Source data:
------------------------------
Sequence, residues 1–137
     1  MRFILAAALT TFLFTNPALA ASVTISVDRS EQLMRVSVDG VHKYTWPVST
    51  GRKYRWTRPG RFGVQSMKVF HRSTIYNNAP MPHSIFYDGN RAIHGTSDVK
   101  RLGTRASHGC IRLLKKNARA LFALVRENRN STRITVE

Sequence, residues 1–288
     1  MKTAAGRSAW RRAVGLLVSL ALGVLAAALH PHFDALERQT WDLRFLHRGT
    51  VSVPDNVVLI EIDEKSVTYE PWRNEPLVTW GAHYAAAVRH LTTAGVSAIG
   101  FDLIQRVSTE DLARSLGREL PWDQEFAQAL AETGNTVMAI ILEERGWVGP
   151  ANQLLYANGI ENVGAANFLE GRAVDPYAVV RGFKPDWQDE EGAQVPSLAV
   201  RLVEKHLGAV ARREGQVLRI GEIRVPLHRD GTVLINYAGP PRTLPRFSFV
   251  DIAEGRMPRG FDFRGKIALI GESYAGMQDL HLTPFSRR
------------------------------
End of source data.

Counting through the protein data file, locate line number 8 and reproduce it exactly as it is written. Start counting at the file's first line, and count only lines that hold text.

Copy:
   101  FDLIQRVSTE DLARSLGREL PWDQEFAQAL AETGNTVMAI ILEERGWVGP